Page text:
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Prime Minister Shri Jawaharial Nehru and Shrimati Vijayalakshmi, the former Ambassador to the U.S.A., with Eleanor Roosevelt in 1952. Photo: Bettmann via Getty

Just five years after India gained independence — 71 years ago today — voters across the newly-born nation cast ballots in its first ever election. Some 176 million citizens, 85% of whom could neither read nor write, were eligible to participate in the vote.

Flash forward: Since then, India’s democracy has withstood the test of time. It’s in many ways an unlikely story. The sprawling nation of more 1.3 billion people is riven by divisions of language, class, and religion. The constitution recognizes 22 separate major languages that are spoken by at least one million people. A majority Hindu nation, India also boasts the world’s second largest Muslim population. The vestiges of the hierarchical caste system continue to limit people’s educational, career, and life prospects.

Despite these hurdles, the country has experienced seven decades of almost uninterrupted democratic rule.

  • Today, around 5% of Indians live in extreme poverty, down from a high of 60% just four decades ago. The administration of current Prime Minister Narendra Modi has made important strides in expanding access to electricity, healthcare, and sanitation.

There is plenty of work left to do.

  • The share of income accruing to the top 1%, a broad measure of inequality, is the highest since tax collection began in 1922.
  • Many find Modi’s push to move India away from its secular roots toward a new brand of democracy based around identification with its Hindu cultural and religious history worrisome.
  • The government’s recent threat to strip 4 million people, many of whom are migrants from the predominantly Muslim Bangladesh, of their citizenship demonstrates the danger.

Despite these challenges, at a moment when democracy is increasingly in question and under threat around the world, India’s largely successful effort over the past seven decades to reconcile the competing identities and passions of over 15% of the world’s population is a staggering accomplishment.

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Go deeper

Federal judge orders Trump administration to restore DACA

DACA recipients and their supporters rally outside the U.S. Supreme Court on June 18. Photo: Drew Angerer via Getty

A federal judge on Friday ordered the Trump administration to fully restore the Deferred Action for Childhood Arrivals program, giving undocumented immigrants who arrived in the U.S. as children a chance to petition for protection from deportation.

Why it matters: DACA was implemented under former President Obama, but President Trump has sought to undo the program since taking office. Friday’s ruling will require Department of Homeland Security officers to begin accepting applications starting Monday and guarantee that work permits are valid for two years.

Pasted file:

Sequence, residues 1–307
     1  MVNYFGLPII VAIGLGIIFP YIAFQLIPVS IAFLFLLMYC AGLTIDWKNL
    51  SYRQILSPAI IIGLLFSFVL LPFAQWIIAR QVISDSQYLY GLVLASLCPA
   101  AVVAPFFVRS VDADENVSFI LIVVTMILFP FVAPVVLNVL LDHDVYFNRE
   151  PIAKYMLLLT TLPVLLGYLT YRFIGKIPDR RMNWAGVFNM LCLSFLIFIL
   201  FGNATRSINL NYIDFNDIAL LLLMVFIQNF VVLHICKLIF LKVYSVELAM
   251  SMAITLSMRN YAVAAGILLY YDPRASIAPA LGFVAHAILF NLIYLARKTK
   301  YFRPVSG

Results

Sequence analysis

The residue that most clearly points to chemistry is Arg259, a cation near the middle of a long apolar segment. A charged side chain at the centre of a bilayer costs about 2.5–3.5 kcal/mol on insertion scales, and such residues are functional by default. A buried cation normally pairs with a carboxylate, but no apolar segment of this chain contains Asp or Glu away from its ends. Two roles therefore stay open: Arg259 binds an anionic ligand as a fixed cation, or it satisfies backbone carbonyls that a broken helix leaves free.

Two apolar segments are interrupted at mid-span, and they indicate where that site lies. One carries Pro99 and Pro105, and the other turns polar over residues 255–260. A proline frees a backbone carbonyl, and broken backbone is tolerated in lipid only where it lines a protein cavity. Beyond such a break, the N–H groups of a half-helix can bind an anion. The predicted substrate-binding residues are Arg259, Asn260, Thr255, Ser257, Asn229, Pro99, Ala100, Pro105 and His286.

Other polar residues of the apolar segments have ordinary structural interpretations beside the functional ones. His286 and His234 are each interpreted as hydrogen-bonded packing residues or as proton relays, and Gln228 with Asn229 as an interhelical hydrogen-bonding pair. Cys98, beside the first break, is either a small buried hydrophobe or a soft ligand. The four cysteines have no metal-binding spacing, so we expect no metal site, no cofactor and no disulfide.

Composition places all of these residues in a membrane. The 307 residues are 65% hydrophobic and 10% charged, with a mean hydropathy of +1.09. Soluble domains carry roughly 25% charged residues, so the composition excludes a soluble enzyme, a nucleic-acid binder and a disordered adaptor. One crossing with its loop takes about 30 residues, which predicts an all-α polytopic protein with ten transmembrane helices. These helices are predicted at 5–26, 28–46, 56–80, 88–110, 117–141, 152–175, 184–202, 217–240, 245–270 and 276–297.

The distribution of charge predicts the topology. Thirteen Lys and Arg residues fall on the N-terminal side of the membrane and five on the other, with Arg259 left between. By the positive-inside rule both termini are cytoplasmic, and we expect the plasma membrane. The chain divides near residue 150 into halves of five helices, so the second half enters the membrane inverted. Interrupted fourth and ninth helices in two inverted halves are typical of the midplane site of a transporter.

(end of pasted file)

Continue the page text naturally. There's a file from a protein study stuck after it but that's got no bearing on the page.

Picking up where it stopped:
Updated 59 mins ago - Politics & Policy

Coronavirus dashboard

Illustration: Aïda Amer/Axios

  1. Politics: Fauci says he accepted Biden's offer to be chief medical adviser "on the spot" — The recovery needs rocket fuel.
  2. Health: CDC: It's time for "universal face mask use" — Death rates rising across the country — Study: Increased testing can reduce transmission.
  3. Economy: U.S. economy adds 245,000 jobs in November as recovery slows — America's hidden depression: K-shaped recovery threatens Biden administration.
  4. Cities: Bay Area counties to enact stay-at-home order ahead of state mandate
  5. Vaccine: What vaccine trials still need to do.
  6. World: UN warns "2021 is literally going to be catastrophic"
  7. 🎧 Podcast: Former FDA chief Rob Califf on the vaccine approval process.
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Bay Area counties to enact stay-at-home order ahead of state mandate

Golden Gate Park. Photo: Justin Sullivan via Getty

Counties around the San Francisco Bay Area will adopt California’s new regional stay-at-home order amid surges in cases and ICU hospitalizations, health officials said Friday.

The big picture: California Gov. Gavin Newsom announced a three-week stay-at-home order on Thursday that would go into effect in regions with less than 15% ICU capacity. Despite the Bay Area’s current 25.3% ICU capacity, health officials from Alameda, Contra Costa, Marin, Santa Clara, San Francisco and the city of Berkeley are moving ahead with a shelter-in-place mandate in the hopes of reducing risk.